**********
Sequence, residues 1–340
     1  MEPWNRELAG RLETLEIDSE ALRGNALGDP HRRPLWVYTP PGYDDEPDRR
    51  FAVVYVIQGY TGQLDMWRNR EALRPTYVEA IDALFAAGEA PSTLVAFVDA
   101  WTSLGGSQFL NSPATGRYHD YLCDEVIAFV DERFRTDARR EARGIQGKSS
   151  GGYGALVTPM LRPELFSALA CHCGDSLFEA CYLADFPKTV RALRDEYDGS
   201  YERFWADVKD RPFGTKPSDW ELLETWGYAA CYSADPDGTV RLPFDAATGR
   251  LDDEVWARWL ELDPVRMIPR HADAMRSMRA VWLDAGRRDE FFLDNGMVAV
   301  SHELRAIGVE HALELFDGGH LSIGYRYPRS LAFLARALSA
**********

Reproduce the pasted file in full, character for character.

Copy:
Sequence, residues 1–340
     1  MEPWNRELAG RLETLEIDSE ALRGNALGDP HRRPLWVYTP PGYDDEPDRR
    51  FAVVYVIQGY TGQLDMWRNR EALRPTYVEA IDALFAAGEA PSTLVAFVDA
   101  WTSLGGSQFL NSPATGRYHD YLCDEVIAFV DERFRTDARR EARGIQGKSS
   151  GGYGALVTPM LRPELFSALA CHCGDSLFEA CYLADFPKTV RALRDEYDGS
   201  YERFWADVKD RPFGTKPSDW ELLETWGYAA CYSADPDGTV RLPFDAATGR
   251  LDDEVWARWL ELDPVRMIPR HADAMRSMRA VWLDAGRRDE FFLDNGMVAV
   301  SHELRAIGVE HALELFDGGH LSIGYRYPRS LAFLARALSA